Wednesday, October 29, 2008

What went wrong? Bandits everywhere 

Let�s first consider the basic function of capitalism. Its success lies in efficiently allocating capital toward profit, the difference between costs and returns. When the system works, market prices provide the information and the incentives to invest where legal returns are greatest.

But this is perhaps not capitalism�s greatest asset. In addition to being an engine of prosperity, only free markets spontaneously and peacefully organize the daily, voluntary interactions of millions of primarily self-interested individuals.

Socialism works poorly because it is unable to efficiently coordinate and allocate resources. Hence, it never generates wealth for the masses�but socialist elites enjoy privilege and plenty. Their greed rigs the game to their advantage. Likewise, America�s investment bankers have rented and bribed politicians to rig the game to socialize risks and privatize profits. Fannie and Freddie�s failures and rich rewards to former managers, $100 million to one, are prime examples.

Our current problems flow largely from Wall Street bankers� financial innovations. They discovered ways to profit by misallocating capital, and in the process they decoupled risk from their returns. Under legislation for which they lobbied, they were rewarded for pumping evermore capital into overvalued housing.

...When politicians allocate capital, we can�t expect efficiency, but corruption by special interests is certain. Investment banks benefited from this political arrangement.
John Baden last week, who continues this morning:
In response to my recent column, �What Went Wrong,� several people emailed me this question: What�s next? The answer is easy; America will attempt to emulate Europe�s welfare state. Our perceived crisis is inimical to sound policy and provides a good seedbed for political opportunism.

...Those who created the American experiment recognized the problem of constraining two kinds of bandits: the stationary and the mobile. Mobile bandits include highwaymen, pirates, common thieves, and muggers. These are conceptually easy to constrain; enlist honest police.

Stationary bandits are more difficult, and were a focus of America�s founders. Their challenge was to create a constitution to generate and maintain laws that foster progress�while constraining those making the laws. How might those in power be kept from rigging the game to the advantage of themselves and their most politically powerful constituents?

Over the long run this may be impossible in a large democracy comprised of numerous factions, interest groups, and ethnic and racial identities. No such nation has successfully dealt with this challenge. It is easier in a small, relatively homogenous country, not one like ours.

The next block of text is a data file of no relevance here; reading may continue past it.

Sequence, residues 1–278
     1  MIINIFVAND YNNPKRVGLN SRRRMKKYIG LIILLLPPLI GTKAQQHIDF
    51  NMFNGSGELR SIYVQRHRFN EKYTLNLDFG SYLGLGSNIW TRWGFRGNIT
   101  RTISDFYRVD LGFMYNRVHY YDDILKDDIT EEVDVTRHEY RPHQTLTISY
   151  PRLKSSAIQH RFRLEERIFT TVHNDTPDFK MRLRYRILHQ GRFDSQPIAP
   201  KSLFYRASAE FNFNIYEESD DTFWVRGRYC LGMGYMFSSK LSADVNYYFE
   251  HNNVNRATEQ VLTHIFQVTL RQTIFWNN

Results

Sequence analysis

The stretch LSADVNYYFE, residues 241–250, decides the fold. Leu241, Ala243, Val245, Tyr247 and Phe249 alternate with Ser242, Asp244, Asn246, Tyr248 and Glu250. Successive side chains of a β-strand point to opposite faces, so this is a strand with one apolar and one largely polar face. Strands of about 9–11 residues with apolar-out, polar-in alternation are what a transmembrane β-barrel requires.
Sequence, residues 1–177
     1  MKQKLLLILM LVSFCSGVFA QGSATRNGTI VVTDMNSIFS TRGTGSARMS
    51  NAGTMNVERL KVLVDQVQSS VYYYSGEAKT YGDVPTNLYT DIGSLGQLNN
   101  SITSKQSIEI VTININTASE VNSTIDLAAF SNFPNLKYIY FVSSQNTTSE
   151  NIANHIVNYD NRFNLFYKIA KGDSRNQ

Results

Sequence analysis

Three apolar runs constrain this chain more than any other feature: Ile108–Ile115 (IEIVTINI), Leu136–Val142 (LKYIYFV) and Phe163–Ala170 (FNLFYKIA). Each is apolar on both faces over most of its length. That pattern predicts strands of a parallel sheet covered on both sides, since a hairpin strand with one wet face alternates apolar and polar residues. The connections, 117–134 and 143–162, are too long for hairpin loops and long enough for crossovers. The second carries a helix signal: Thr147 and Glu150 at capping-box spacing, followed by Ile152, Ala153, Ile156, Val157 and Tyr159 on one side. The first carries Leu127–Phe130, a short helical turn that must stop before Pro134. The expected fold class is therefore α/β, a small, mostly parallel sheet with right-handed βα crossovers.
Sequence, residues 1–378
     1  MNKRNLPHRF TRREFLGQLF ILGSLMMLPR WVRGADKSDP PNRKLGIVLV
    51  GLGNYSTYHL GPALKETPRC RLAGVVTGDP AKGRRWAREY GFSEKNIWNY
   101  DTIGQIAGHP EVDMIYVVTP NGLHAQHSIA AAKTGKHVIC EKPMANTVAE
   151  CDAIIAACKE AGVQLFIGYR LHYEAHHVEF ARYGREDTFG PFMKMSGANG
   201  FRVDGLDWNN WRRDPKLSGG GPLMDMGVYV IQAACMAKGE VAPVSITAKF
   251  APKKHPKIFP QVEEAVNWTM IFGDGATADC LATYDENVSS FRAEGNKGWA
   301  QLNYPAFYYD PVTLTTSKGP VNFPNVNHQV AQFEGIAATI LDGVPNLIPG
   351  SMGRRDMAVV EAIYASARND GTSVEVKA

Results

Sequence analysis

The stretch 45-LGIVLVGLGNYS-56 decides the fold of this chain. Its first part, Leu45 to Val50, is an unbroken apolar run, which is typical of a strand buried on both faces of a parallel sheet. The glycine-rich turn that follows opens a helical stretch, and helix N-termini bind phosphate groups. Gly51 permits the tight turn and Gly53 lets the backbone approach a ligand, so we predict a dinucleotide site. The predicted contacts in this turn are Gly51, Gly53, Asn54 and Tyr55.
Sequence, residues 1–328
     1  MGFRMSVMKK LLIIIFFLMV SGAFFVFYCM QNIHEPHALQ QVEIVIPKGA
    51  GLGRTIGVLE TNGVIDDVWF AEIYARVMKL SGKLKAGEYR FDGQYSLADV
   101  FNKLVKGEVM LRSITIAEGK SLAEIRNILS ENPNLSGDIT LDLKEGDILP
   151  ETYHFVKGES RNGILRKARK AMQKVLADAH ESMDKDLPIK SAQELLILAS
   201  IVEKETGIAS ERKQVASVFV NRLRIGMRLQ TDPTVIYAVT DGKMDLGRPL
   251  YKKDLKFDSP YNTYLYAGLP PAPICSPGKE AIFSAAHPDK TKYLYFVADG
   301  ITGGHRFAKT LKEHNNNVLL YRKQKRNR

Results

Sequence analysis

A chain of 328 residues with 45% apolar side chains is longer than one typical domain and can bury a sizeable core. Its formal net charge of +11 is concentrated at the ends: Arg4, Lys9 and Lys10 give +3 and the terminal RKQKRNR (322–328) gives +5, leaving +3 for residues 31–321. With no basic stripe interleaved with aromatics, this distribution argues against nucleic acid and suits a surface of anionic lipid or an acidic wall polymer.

The current worldwide financial crisis gives license to our stationary bandits to advantage themselves and powerful constituents. Franklin Raines, White House Budget Director under Clinton, became CEO of Fannie Mae and received $90 million in salary and bonuses. Of course Fannie Mae had made large and strategic concessions and donations to politicians. That�s how politics works.

America�s automakers, protected for years by tariffs from foreign competitors, are but one of numerous corporate examples of powerful firms, and unions, shaping the rules and seeking to loot taxpayers. Such pleading is bound to increase; the political tide is with those who see and seize opportunities for advantage, always, of course, in the �public interest.� The results are ominous and the causes clear.
The concept of mobile and stationary bandits is at the heart of a book I use in teaching comparative economic systems, Mancur Olson's Power and Prosperity. Olson's uses 'roving' rather than 'mobile', but the concept is identical. Or, as Jack Hirshleifer put it, there are always two ways to get something for yourself: You can produce it, or try to take it from others. "The way of production and exchange enlarges the social total of wealth. The way of predation and conflict merely redistributes that total (less whatever is dissipated in the struggle." (p. 2)

Those dissipation costs are important however. To take only one example, the death tax takes in very little revenue, but there is a large deadweight cost from investing in wealth transferring mechanism and away from capital formation. A 1993 paper by Richard Wagner at George Mason put that cost then at about $640 billion over eight years. It's likely much more than that now.

Baden's hope for smaller, more homogeneous economies has seldom found an example either. Europe -- whose values are still epitomized in the French Revolution's motto of Liberty, Fraternity, Equality (thanks to Dennis Prager last night for encapsulating the difference between the American and French Revolutions so succinctly) -- has no examples. You might choose the island economies of Hong Kong and Singapore, but neither turn out to be bastions of political freedom even as they uphold economic freedoms.

I see much of the political debate this fall in that last paragraph from Baden.

(h/t for Baden: Arnold Kling.)

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